Reconstruction Minister Kazunori Tanaka has said he hopes to reach a firm decision on the structure of a planned successor body to the Reconstruction Agency by year-end.
The structure will be based chiefly on requests from municipalities in areas hit by the March 2011 earthquake and tsunami, he said in a recent interview with media organizations.
The government will consider how long the planned new organization should exist after it succeeds the Reconstruction Agency, which is set to be dissolved at the end of March 2021, Tanaka said.
“Top priority should be given to the voices of people in disaster areas” when details of the successor entity are considered, Tanaka said, adding that he is aware of various requests.
“The successor organization will need to function as a control tower, like the Reconstruction Agency, under political leadership and responsibility,” he said.
The reconstruction of Fukushima Prefecture, which was hit particularly hard by the nuclear disaster at Tokyo Electric Power Company Holdings Inc.’s Fukushima No. 1 plant triggered by the earthquake and tsunami, requires medium- to long-term plans, Tanaka said.
The central government must therefore take the initiative in promoting reconstruction efforts there, he continued.
As for challenges that remain during the government-set intensive reconstruction period, which extends through fiscal 2020, Tanaka underlined the need to continue home visits and other support for people in disaster areas, care for those suffering from trauma and study how to better assist children.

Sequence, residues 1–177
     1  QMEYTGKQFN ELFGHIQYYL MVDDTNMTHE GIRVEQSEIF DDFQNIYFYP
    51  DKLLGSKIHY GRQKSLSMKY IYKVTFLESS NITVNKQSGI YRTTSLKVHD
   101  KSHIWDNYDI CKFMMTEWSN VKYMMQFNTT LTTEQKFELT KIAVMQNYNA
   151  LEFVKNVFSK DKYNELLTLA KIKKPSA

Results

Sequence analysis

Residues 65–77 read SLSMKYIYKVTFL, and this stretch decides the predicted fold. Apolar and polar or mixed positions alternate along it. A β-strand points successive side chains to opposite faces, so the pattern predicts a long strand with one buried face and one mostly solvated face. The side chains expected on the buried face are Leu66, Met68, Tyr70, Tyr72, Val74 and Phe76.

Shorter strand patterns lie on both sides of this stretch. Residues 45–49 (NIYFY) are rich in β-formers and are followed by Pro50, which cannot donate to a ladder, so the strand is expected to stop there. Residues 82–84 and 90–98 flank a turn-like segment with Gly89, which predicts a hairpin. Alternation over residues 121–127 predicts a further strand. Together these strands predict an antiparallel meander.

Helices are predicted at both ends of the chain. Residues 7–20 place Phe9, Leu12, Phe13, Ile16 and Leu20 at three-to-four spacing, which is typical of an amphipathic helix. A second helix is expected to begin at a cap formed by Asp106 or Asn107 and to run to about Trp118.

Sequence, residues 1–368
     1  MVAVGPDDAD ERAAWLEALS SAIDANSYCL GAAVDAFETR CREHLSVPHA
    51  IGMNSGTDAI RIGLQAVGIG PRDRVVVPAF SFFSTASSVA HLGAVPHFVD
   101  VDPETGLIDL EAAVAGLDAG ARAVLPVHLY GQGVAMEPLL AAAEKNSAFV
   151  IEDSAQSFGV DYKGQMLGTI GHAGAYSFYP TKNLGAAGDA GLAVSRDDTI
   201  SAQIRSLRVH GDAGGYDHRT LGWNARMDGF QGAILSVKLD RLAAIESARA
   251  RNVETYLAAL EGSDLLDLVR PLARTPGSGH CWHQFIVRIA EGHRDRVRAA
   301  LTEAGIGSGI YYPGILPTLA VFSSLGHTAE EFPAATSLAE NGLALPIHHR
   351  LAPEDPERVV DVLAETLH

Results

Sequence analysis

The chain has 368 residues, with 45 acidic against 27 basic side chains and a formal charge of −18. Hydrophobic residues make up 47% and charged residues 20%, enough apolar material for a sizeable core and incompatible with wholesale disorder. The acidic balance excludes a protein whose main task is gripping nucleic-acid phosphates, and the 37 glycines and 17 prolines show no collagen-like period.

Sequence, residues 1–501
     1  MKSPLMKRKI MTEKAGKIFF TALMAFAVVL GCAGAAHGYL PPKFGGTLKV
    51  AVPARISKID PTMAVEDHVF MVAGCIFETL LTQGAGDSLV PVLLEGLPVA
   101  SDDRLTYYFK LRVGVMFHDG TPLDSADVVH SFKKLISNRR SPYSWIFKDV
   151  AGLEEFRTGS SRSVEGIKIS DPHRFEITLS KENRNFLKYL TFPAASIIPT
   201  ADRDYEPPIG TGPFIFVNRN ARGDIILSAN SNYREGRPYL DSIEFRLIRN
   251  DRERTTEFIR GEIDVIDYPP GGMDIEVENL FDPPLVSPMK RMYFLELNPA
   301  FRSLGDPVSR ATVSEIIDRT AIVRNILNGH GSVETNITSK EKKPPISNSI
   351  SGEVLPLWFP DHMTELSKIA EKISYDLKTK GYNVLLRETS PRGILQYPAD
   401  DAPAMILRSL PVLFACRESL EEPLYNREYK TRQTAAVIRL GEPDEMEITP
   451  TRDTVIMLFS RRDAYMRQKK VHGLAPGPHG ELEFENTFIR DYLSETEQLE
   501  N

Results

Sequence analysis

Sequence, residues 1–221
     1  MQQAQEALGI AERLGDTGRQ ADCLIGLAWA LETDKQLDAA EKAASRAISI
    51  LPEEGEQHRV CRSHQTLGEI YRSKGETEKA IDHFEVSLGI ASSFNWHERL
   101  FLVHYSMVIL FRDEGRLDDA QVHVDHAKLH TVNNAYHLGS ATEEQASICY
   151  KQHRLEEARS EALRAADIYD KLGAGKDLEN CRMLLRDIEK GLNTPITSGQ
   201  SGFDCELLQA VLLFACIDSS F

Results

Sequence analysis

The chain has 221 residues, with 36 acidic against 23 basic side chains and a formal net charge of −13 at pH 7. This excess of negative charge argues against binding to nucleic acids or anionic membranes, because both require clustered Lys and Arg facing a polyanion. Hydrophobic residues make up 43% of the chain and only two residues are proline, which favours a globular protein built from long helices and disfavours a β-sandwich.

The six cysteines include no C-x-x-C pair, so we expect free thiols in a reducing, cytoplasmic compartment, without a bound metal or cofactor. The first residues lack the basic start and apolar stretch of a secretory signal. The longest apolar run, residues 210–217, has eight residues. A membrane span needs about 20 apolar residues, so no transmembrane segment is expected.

In areas severely affected by the nuclear accident, the minister highlighted the importance of paving the way for displaced residents to be allowed to return to their homes.
He also emphasized the need to implement the Fukushima Innovation Coast Framework, aimed at inviting new industries to the coastal area of the prefecture, and medium- to long-term measures to combat harmful rumors.
Asked how to the momentum from the 2020 Tokyo Olympics and Paralympics can be used for post-disaster reconstruction, Tanaka said the games “will be the best opportunity to show the current situation of disaster areas to people at home and abroad.”
The areas will be featured in many events related to the 2020 Games, including the Olympic torch relay, he said, expressing a wish to work closely with local municipalities and the 2020 games organizing committee so the events are held without a hitch.